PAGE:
Trump’s Pick For FBI Director Benefits Trump, Not The FBI

According to reports, Joe Lieberman, the former Democratic vice presidential nominee, is Trump’s top pick to fill in for the now-fired FBI director James Comey.

Former senator and vice presidential nominee Joe Lieberman is in the running for FBI director, after President Donald Trump fired James Comey suddenly.

“We're very close to an FBI director,” Trump said. When inquired whether Lieberman was among the final picks, his response was positive.

Though the 75-year-old has never served as a law enforcement agent or federal prosecutor, he is probably among the list of finalists because of his support for the president for some of his bizarre rhetoric.

The FBI director is appointed for a 10-year term, and Lieberman’s age is a bit concerning, apart from his lack of all the conventional qualifications required from the agency chief.

The former senator was a longtime democrat who ran alongside Democrat Al Gore in 2000. After four years before he became independent and ran for president — as a Democrat — but failed.

As of now, he serves as a special counsel at the Kasowitz, Benson, Torres & Friedman LLP law firm – a  company founded by Marc Kasowitz, who happens to be Trump’s lawyer on several lawsuits. Apart from this connection, which troubles many Democrats, Lieberman has many things in common with Trump.

Lieberman on Trump’s immigration ban:

He was in favor of Trump’s executive order temporarily banning Muslims from a majority of Muslim countries.

"I appreciate that President Trump has gone from what during the campaign sounded like a possible ban on Muslims coming into America, which would have been unacceptable, I think unconstitutional, to making a judgment that there are certain countries from which people are more likely to be coming in here to do us damage, and therefore we ought to keep them out," said the former chairman of the Senate Homeland Security Committee.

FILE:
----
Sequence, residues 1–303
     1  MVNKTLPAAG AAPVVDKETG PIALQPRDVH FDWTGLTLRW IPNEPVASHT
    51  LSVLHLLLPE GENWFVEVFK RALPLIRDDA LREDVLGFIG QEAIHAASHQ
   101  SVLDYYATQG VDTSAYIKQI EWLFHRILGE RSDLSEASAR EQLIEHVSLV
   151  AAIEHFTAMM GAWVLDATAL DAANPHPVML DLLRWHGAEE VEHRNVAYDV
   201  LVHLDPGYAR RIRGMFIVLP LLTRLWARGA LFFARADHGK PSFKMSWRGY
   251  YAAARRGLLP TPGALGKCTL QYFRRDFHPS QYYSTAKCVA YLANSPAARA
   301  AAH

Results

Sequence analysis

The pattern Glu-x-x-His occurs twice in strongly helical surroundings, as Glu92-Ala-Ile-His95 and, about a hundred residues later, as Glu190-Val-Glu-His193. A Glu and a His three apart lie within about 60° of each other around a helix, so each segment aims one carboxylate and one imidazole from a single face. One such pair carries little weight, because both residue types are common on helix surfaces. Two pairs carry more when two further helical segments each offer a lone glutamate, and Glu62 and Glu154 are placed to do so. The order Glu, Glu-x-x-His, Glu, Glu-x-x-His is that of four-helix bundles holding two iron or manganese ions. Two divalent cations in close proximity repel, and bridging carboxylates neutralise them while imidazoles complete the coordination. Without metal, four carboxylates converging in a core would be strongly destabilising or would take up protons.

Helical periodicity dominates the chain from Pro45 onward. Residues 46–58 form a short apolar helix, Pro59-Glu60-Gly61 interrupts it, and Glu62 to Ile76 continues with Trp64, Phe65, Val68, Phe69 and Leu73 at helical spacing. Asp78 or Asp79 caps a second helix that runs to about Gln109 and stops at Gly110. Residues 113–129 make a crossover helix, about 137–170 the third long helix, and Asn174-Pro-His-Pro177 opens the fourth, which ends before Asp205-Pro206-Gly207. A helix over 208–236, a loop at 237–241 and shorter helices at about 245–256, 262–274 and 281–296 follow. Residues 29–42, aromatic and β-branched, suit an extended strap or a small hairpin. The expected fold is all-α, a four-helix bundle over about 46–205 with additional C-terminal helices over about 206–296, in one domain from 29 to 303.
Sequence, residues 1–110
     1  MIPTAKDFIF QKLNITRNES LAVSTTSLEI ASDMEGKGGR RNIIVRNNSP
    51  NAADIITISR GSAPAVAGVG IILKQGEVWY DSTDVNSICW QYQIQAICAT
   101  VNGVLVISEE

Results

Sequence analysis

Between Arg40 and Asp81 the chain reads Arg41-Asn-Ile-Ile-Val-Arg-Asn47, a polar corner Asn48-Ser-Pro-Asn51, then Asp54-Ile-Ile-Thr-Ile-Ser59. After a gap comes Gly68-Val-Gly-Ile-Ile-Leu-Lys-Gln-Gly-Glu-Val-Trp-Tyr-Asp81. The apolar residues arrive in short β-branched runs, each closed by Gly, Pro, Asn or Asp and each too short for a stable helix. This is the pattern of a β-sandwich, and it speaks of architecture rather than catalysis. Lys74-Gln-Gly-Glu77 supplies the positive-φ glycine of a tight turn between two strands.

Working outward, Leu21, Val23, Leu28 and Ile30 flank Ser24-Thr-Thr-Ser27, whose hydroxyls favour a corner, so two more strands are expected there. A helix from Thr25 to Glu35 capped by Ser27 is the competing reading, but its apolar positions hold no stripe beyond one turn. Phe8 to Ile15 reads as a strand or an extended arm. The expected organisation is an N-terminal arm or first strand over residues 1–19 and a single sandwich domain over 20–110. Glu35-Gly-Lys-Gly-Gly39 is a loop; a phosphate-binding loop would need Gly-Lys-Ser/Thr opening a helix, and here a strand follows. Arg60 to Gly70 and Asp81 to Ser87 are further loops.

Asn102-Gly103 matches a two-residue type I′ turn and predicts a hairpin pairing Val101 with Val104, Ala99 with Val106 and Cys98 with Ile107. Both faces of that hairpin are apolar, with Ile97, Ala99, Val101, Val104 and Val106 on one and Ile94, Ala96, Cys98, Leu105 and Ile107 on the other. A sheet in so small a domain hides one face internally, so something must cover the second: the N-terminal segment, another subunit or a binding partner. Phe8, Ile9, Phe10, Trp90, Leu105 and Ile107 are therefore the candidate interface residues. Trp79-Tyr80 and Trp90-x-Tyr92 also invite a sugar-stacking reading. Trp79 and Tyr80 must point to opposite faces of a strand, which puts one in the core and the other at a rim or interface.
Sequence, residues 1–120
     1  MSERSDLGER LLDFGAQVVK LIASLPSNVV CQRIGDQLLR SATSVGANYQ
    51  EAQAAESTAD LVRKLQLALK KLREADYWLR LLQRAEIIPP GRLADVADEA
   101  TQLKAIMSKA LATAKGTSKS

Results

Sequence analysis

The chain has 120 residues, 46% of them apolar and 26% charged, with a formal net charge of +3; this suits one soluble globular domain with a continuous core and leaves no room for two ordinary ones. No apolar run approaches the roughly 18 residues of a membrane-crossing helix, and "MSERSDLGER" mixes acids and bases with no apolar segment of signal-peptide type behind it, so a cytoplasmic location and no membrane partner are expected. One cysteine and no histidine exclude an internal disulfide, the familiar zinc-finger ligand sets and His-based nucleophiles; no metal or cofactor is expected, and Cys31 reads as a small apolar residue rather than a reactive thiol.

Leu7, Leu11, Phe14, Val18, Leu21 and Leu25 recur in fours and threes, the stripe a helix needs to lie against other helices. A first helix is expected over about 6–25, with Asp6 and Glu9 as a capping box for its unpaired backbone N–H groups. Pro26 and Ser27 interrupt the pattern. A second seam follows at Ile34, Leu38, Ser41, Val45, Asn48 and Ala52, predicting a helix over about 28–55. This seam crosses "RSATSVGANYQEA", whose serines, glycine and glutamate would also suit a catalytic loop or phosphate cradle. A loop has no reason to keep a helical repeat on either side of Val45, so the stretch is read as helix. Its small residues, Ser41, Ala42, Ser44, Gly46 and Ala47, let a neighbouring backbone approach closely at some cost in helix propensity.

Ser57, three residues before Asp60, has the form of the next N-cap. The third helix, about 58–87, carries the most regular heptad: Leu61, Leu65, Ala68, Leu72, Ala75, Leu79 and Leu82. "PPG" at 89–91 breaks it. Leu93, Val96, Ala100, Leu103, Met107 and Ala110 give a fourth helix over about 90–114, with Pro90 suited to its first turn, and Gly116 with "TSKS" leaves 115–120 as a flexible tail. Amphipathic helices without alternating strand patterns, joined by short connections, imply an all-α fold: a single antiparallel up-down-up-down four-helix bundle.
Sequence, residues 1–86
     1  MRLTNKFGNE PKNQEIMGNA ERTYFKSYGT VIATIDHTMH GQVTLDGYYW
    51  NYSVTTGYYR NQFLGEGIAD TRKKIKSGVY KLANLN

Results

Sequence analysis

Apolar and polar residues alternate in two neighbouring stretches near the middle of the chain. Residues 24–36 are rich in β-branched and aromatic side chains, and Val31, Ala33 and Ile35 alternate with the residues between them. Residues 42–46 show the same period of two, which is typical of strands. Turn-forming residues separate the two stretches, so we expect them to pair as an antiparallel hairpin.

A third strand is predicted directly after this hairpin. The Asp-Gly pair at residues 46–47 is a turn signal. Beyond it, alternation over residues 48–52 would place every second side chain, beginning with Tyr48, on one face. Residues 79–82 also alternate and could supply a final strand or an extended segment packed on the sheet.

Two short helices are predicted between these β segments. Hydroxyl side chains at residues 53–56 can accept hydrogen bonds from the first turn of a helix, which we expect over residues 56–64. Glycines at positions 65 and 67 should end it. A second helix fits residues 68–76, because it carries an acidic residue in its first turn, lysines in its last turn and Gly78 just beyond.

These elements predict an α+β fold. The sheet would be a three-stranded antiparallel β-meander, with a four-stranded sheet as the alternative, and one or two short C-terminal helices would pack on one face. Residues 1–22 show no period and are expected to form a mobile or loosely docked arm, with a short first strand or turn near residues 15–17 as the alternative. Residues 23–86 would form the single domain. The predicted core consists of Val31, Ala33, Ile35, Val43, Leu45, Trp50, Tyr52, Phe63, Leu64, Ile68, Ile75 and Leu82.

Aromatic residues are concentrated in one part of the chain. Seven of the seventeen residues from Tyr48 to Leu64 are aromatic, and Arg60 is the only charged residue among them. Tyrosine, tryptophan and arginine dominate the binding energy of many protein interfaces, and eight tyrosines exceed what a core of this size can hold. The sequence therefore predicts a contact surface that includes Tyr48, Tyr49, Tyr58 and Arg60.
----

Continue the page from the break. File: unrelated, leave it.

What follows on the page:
Lieberman defended Trumps’ controversial pick for Israel ambassador:

He defended Trump, the then president-elect, in opposing the nuclear deal with Iran and supported his controversial pick for ambassador to Israel, David Freidman. He believed Trump was willing to play a part to solve the Israel-Palestine conflict, though the media mogul conveniently pushed Israel under the bus to please Netanyahu and disagreed with the two-state solution.

His relationship with Democrats is damaged:

Lieberman's onetime colleagues turned against him after he opposed to some of former president Barack Obama's agenda relating to foreign policy and national security issues, such as his nuclear deal with Iran, in his late Senate career. Lieberman first backed Hillary Clinton during the 2016 elections, but encouraged Democrats to work with Trump after he won the bid for presidency.

Lieberman destroyed the Medicare buy-in:

He opposed a Democratic proposal to extend Medicare to people 55 years of age and older. This was a huge setback for liberals, who were infuriated with Lieberman’s rejection. He was against the idea of expanding Medicare and abandoned any new government insurance plan. 

Banner/thumbnail credit: Reuters

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